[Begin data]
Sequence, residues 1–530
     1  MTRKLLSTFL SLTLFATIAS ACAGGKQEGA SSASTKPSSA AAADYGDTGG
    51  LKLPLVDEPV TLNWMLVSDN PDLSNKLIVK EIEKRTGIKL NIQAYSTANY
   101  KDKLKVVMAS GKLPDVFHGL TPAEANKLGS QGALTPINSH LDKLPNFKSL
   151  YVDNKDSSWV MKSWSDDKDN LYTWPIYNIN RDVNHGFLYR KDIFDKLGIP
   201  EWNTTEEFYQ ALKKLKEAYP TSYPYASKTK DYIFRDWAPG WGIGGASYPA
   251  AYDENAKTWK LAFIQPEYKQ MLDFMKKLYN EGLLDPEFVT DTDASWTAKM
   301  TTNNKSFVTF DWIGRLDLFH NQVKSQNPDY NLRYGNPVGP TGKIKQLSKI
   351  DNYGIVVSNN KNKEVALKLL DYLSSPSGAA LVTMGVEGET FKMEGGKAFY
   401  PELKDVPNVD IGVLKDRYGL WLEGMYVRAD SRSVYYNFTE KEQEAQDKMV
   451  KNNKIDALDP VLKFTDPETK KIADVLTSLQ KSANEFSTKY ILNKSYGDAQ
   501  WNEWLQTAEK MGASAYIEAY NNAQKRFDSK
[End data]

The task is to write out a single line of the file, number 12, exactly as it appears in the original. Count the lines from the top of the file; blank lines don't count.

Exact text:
   501  WNEWLQTAEK MGASAYIEAY NNAQKRFDSK